Chinese postpartum confinement centres (aka zuo yuezi centres or baby hotels) are all the rage in Taiwan (and increasingly also in China and places were there are large Chinese communities). Mothers can check in and relax in hotel-like accommodation, with dedicated nursing staff to attend to her and her baby’s needs. I have always wondered what it would be like to stay in one. And now I have had my chance, when I overnighted at the Wenhua Garden Postpartum Nursing Centre. Read on for part one in a three-part series about what life is like in a luxury baby hotel.
Postpartum confinement centres are growing in popularity in Taiwan almost as fast as the birthrate is plummeting. In researching and writing about Chinese postpartum confinement (zuo yuezi), I have been fascinated about why women (and their families) invest so much in the postpartum confinement centre experience.
Nor am I alone: some blog posts have talked about the seeming the extravagance of baby hotels, especially high-end zuo yuezi centres China. And one of my good friends back in Australia, was shocked to learn that wealthy families spend so much on the zuo yuezi experience. New mothers, in Western societies, it seems are often expected to look after themselves and baby as part of the rite of motherhood. Self pampering is often viewed of as frivolous and unnecessary: better to spend the money on a status pram instead. Well, perhaps a bit harsh but my experience in Australia was that the focus often is more on the baby than the mother.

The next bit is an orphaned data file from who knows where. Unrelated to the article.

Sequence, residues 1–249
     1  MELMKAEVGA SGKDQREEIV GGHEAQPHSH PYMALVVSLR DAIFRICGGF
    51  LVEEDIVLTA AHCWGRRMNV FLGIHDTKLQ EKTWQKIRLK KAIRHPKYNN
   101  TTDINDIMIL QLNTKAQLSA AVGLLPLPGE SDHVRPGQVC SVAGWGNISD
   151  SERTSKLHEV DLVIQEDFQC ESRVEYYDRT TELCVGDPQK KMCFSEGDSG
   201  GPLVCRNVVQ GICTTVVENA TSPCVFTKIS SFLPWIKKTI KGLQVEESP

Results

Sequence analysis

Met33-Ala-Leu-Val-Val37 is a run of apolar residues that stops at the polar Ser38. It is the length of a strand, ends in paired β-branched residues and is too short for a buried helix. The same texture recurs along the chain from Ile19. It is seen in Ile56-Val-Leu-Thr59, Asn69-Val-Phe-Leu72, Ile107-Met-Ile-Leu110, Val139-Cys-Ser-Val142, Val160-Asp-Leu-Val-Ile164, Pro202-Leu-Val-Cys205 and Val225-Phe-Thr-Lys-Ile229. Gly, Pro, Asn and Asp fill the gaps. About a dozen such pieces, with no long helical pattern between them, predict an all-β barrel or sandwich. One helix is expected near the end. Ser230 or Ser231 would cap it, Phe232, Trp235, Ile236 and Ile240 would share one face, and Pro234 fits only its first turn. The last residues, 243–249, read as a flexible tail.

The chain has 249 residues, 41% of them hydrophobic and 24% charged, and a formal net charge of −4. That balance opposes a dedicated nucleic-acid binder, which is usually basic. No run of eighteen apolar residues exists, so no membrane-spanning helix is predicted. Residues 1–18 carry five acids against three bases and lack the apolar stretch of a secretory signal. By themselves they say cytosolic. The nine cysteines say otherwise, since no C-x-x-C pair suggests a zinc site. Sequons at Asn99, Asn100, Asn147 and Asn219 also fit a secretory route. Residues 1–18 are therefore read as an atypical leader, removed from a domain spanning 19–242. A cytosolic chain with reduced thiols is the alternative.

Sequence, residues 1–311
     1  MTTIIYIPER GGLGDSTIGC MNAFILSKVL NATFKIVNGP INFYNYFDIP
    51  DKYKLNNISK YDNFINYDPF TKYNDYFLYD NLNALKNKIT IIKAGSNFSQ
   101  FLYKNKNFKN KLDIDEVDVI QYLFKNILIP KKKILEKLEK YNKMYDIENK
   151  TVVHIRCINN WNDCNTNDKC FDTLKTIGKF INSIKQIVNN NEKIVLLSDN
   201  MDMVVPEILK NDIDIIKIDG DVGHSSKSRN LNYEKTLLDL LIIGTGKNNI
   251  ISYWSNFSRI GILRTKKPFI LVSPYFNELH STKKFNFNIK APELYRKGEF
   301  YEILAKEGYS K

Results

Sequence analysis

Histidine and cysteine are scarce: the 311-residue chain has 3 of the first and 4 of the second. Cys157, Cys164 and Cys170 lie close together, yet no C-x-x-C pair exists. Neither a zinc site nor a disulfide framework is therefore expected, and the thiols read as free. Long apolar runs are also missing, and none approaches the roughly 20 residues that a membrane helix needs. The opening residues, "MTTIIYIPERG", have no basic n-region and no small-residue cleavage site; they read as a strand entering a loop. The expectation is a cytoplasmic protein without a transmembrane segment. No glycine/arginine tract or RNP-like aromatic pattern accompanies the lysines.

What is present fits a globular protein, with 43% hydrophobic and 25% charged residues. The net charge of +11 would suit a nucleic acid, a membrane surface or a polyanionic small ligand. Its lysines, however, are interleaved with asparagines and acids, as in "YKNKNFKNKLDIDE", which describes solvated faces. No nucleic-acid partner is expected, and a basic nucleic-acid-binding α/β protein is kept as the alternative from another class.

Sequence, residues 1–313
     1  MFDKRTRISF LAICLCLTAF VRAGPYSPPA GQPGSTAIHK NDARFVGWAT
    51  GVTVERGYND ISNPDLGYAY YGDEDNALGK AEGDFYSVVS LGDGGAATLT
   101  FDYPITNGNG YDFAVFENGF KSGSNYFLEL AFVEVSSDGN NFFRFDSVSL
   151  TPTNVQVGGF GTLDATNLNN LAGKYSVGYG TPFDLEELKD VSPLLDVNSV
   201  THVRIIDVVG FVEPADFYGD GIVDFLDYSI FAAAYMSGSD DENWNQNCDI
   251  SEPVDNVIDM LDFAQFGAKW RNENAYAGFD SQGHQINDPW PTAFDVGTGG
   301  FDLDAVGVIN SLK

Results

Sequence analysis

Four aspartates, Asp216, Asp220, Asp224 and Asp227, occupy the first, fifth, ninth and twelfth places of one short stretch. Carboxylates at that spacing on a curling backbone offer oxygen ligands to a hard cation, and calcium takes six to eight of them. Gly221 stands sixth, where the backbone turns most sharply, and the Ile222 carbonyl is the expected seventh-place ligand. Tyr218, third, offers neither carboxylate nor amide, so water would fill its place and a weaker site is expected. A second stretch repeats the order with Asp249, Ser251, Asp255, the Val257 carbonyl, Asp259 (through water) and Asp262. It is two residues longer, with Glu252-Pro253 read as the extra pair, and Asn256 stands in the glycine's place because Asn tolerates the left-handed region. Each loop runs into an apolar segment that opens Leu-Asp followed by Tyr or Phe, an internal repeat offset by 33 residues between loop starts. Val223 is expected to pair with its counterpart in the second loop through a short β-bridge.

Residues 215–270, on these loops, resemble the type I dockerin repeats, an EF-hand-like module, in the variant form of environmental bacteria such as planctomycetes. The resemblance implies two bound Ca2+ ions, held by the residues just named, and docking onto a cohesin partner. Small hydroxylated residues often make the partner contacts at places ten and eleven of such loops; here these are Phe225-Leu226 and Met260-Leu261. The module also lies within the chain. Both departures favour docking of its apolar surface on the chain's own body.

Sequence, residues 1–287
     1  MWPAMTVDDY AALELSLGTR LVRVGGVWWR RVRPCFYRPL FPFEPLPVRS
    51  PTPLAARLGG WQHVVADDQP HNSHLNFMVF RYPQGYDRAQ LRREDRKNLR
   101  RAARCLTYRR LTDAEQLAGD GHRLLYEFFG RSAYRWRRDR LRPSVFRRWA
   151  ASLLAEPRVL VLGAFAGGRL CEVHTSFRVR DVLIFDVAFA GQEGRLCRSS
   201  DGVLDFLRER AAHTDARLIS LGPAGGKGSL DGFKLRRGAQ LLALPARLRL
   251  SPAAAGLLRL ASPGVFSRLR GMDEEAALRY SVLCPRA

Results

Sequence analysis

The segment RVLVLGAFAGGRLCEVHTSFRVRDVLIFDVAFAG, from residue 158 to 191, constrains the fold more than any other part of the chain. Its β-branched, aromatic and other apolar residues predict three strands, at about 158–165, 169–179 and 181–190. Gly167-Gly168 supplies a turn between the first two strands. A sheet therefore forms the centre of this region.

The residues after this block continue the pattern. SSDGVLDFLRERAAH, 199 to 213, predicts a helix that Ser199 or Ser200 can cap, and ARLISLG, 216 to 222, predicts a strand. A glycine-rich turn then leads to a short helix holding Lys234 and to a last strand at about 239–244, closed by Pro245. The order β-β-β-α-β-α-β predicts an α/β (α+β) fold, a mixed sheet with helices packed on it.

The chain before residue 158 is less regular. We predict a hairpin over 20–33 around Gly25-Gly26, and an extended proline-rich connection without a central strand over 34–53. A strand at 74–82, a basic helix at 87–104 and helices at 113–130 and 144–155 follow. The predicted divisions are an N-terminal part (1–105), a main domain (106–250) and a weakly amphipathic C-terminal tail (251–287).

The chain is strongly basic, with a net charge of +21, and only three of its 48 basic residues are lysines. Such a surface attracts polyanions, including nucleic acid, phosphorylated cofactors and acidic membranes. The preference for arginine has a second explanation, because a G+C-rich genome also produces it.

So when the opportunity came up to overnight (with family) and experience life behind the hidden doors of a confinement centre came up, I jumped at the chance. Almost literally — I was so excited.
So what is it like inside a five-star luxury confinement centre? And is it worth it?
As I alighted from the lift, the first thing that greeted me at Wenhua Garden was the ornate French-style silver and white chairs crowned with a glistening chandelier. A waiting room, it turned out, where a new mother could safely meet friends if they turned up with sniffles rather than subjecting her infant to unnecessary germs. (This seems harsh, but having had babies in the Neonatal Intensive Care Unit I certainly understand the importance of protecting newborns from unnecessary germs. ) This glitz was, I discovered, just a teaser to the luxury within.
Once I had sanitized myself by removing shoes, donning slippers and washing hands with sterile alcohol (baby also had his temperature taken), we entered the centre itself. The third floor reception area was manned by a large desk, with uniform clad attendants. The centrality of the reception reminded me of a maternity ward set-up, with the room layout looking like a hotel. A lovely lady named Cleo escorted us to our room and then gave baby and I a tour.
Directly opposite the reception desk, I noticed the ‘relaxing and calm area’. This was a small alcove equipped with massage chairs. “It’s not just Mums who get tired,” Cleo explained. “Dads have a hard time, too, helping with baby, and they often need massage.” Mental note to come back and try out the equipment.
But first, a look at our rooms for the night. Each of the twenty-two rooms in the centre is designed around a different theme, and nearly every one has a different colour. Most of them are in pastel, although I chose a strikingly furnished room with dark wooden floors and a forest green sofa. Around the corner was a queen sized bed, a shiny new bathroom with quality fixtures, and a small balcony. I felt instantly at home here, loving the zen elegance.